The superintendent was the first to arrive.
The meeting tables had been arranged in a square with the chairs on the outside so everyone faced the center.
Then came the principal of the high school followed by other adults who had been elected to the board. They all took seats and murmured about the statue or pillar or whatever it was standing in the center of a Kansas board room.
Finally, someone asked what it was.
Mr. McCormack climbed over the table and touched it. He was always a hands on sort of guy.
“It’s kind of slick. Looks like a woman,” Mr. McCormack said. He hitched at his pants legs and squatted down to have a look at the pedestal. “Nothing written on it.” He climbed back over the table.
One of the men moved a table to open the square and the rest of the group gathered around the object. Some touching it, some keeping a leery distance.
“You’re right, it is a woman,” Mrs. Tide affirmed.
Mr. Kendra actually leaned in and licked it. “Salt,” he said. “She is a woman made of salt. Not refined salt, there is a lot of sand mixed in.”
“It’s Lot’s wife,” Mrs. Smith exclaimed with some authority. She was a self appointed morality compass for the board. “You know Lot, they were hanging out in a bad place, like the South Side over by the river. Anyway, God, or angels suggested Lot and his family should leave town, get the heck out of there and don’t look back.”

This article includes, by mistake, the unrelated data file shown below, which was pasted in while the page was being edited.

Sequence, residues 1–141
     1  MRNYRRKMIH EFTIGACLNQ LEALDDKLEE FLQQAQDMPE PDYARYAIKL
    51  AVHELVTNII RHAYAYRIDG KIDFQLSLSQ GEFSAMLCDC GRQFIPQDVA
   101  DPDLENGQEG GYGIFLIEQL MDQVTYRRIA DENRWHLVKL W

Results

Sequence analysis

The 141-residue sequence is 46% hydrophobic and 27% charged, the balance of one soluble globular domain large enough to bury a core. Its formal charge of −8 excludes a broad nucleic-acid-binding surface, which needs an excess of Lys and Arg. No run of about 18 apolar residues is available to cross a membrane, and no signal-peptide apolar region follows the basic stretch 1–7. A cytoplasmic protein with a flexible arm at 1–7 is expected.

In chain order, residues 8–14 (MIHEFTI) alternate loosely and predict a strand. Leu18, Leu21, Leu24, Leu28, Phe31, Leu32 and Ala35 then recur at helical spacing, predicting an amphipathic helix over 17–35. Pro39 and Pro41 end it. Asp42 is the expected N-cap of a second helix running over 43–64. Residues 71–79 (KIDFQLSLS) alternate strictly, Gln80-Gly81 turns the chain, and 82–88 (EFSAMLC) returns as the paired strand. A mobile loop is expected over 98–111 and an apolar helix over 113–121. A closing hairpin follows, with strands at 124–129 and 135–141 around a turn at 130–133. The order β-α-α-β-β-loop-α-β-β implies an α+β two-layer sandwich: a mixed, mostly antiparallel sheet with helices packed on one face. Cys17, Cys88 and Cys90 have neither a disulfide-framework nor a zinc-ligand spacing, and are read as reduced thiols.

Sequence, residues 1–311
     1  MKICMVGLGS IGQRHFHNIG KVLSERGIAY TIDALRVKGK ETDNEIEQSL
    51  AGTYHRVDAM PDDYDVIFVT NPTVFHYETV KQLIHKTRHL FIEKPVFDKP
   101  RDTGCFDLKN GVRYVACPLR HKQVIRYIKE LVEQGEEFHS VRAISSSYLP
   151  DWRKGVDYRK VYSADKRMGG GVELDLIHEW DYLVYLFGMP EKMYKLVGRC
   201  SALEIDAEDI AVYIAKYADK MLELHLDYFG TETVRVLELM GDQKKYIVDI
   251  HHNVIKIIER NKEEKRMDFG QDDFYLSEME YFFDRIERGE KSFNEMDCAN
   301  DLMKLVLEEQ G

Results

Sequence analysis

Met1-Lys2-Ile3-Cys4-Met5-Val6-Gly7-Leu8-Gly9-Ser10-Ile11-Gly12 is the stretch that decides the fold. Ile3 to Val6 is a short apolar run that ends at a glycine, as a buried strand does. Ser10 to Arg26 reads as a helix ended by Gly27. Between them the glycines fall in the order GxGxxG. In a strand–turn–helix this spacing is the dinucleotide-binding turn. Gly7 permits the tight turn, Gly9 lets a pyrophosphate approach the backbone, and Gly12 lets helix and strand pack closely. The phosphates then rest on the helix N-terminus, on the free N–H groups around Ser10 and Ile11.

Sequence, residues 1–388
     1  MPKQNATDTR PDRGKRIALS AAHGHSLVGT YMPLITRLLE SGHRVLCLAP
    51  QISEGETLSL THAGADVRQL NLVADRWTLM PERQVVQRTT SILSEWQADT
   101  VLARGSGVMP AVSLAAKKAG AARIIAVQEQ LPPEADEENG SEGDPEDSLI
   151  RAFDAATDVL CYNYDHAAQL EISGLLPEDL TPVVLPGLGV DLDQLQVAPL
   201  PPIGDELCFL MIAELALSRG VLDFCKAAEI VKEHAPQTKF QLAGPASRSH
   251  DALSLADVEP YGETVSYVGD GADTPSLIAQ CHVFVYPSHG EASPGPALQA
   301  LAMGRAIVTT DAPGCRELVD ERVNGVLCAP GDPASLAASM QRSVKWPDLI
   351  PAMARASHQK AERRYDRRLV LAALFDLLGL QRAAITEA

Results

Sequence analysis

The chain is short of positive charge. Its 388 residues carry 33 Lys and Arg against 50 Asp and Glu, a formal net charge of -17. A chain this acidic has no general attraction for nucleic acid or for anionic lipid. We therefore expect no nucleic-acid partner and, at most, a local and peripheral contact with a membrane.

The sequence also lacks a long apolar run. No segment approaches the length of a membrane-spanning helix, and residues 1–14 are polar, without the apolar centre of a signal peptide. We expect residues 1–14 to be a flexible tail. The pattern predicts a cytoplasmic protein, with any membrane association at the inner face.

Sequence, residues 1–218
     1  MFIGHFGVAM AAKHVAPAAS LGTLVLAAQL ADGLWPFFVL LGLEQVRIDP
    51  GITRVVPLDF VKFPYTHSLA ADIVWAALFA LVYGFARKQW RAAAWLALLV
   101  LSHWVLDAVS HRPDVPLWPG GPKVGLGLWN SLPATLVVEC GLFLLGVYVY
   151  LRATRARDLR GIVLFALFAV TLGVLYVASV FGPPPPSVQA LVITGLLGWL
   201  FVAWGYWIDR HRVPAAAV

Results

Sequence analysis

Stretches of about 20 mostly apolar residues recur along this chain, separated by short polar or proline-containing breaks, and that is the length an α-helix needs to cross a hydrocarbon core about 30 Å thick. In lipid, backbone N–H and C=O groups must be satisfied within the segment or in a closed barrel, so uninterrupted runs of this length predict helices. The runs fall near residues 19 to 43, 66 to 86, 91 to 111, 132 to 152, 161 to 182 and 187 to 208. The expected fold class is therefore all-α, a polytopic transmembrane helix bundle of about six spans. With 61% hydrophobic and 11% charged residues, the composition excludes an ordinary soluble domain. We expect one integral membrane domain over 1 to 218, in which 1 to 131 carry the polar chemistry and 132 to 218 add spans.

“Right,” Mr. McCormack agreed. “Lot’s wife looked back. She turned into a pillar of salt. I’m sure this isn’t the real thing. But, who put it here and why?”
“I think it’s a message,” Mr. Kendra said. “Don’t look back.”
“Or maybe, get the hell out of Dodge,” Mr. McCormack added.
“I think we should get on with our meeting,” the Superintendent took his seat. “Our agenda is long and I wanted to get some sleep, tonight.”
Mrs. Smith took a quick head count and the meeting was called to order. She recorded the motions, votes and kept everyone on topic. At the end of the agenda was an item they all wanted to avoid.
“Now,” Mrs. Smith read, “There is a proposal to allow teachers to carry weapons.”
“Is she a message?” Mr. McCormack changed the subject. Everyone there had been eying the woman of salt but Mrs. Smith was a task-master.
“Is she a threat?” Mrs. Henry the math teacher asked.
The meeting lost focus at this point and the weapons proposal was tabled.
When the Superintendent came back in the morning, the statue was gone.